10 Questions to Ask Before Selling Your Business
If you’re thinking about selling your business, think twice. Selling a business should never be a spur-of-the-moment decision, says Curtis Kroeker, group general manager for San Francisco-based BizBuySell.com and BizQuest.com, business-for-sale marketplaces that have an inventory of about 40,000 businesses. "You need to figure out things like if you should sell, when is the best time to sell, and what you need to consider before selling, among many other considerations."
So, should you sell your business? Here are 10 key questions to help you figure it out.
Is my business ready to sell? Kroeker recommends at least two years of preparation before putting your business on the market. Make sure you can produce two to three years of tax returns that are accurate and show maximum profitability to get the best price for your business, he says. "You can't start putting things together the month before you sell."
How is a buyer going to value my business? Particularly with family ownership, companies sometimes run everything through the business, such as country club dues and car allowances, says Robert Kibby, section head of the corporate and securities group at Dallas-based Munsch Hardt Kopf & Harr Attorneys and Counselors. "Loading the business with tax write-offs can make you appear less profitable and cause a buyer to undervalue your business."
Who should be on my team when I sell? It's important for entrepreneurs to figure out whose services will bring them through the sales process and help them get the best price for their business. Do you need an accountant? How about an appraiser, attorney, consultant and business broker? "The buyer is typically going to have a good team to go over your business, so you should, too," Kibby says.
Is it the right time to sell? Many people wait till their business is on the decline to sell. That's the exact opposite of what you should do, says Debbie Allen, a Phoenix-based business and brand strategist and consultant. "You want to sell when you are at the top of your game – peaked out," she says. "Some will say, 'I'm making good money now. Why should I sell?' That's thinking like a business owner, not an entrepreneur."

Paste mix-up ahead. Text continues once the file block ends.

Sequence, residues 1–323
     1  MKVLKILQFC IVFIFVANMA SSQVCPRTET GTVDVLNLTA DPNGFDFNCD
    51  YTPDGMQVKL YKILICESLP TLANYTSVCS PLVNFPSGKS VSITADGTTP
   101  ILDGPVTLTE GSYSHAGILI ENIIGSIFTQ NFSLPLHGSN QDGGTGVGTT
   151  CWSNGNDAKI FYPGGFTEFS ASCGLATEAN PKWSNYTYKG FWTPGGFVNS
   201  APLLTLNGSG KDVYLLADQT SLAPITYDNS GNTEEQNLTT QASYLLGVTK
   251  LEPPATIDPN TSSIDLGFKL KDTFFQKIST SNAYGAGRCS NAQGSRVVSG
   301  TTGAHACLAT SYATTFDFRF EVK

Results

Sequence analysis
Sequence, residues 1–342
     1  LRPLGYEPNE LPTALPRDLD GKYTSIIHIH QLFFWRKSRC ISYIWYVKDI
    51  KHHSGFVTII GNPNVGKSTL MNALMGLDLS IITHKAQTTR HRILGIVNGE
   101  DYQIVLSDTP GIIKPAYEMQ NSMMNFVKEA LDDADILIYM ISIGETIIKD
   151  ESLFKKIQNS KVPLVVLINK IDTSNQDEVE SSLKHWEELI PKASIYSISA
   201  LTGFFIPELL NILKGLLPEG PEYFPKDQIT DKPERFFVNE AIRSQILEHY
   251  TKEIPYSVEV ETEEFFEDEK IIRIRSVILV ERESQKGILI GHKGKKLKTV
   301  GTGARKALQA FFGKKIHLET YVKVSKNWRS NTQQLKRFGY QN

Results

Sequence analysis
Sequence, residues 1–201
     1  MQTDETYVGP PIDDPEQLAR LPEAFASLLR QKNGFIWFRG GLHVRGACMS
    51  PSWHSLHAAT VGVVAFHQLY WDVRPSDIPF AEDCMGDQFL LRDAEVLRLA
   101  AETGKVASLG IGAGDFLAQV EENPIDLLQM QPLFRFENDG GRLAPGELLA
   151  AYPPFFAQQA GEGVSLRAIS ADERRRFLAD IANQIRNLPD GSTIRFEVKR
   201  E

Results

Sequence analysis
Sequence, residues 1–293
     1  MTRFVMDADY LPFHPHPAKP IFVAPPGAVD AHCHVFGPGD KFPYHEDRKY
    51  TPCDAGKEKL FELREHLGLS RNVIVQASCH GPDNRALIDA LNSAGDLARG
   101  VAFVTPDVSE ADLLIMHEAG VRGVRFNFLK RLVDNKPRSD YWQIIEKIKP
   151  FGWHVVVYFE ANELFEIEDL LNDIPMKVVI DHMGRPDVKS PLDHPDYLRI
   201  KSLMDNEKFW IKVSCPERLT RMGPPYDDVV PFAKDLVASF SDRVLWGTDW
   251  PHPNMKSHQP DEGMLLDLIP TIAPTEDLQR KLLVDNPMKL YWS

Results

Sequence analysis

Is the market right? Before selling, look at current market conditions for your industry. Selling a home improvement business in 2006 showed a pretty good return. Fast forward a couple of years and many roofing, siding, home financing and other housing-related companies had lost a big chunk of their value. "I saw companies who turned down an offer in 2005 who couldn't get three-quarters of that price a few years later," says Allan Siposs, a managing director of FMV Capital Markets in Irvine, Calif., which offers services for mergers, acquisitions and divestitures. "Wait until market conditions are better to sell."
Can I cope with the changes on the horizon? Rapidly changing technology, increasing globalization and other business trends can prove too much for some business owners. Keep your eyes trained three or four years down the road, and if you don’t believe you can keep up, sell before your failure to adapt catches up with you. "Some people find it hard to leave, but if you wait too long, the industry may pass you by," Allen says.
Can my business thrive without me or without a key customer? If a buyer is concerned that a business is too dependent on the owner or a single customer, he may take his offer elsewhere. "A good business can operate when the owner is on vacation and has good revenue diversification, where no one customer represents more than five percent of the business," Siposs says.
Would I be willing to stay on if the buyer wants me to? Sometimes you can seal a deal by agreeing to stay on in a consulting role for a period of six months. But first, you need to determine whether it's really worth it to you. If you're willing to stay on, it might reduce the risk to the buyer and increase the value of the company, Siposs says.
What are the potential deal breakers? Unresolved issues can rear their ugly head and interfere with a sale, particularly in areas such as company ownership, accounting and intellectual property rights. For example, an owner may have used a contractor to write software for the company without requiring him to assign his rights to the company. “This can create questions about who possesses critical rights, which can scuttle the deal,” Kibby says. So, consider what your potential deal breakers are and try to resolve them before you’re near to closing a deal.
Would I consider alternatives to an outright sale? If an outright sale isn't right for you, a CPA or investment banker can help evaluate other options. How about structuring a deal to pass on the ownership to employees through an Employee Stock Ownership Plan (ESOP)? Would you consider selling a percentage of the company to a private equity fund? Or would you do a leveraged recapitalization, which is a loan that puts a portion of the proceeds in your pocket?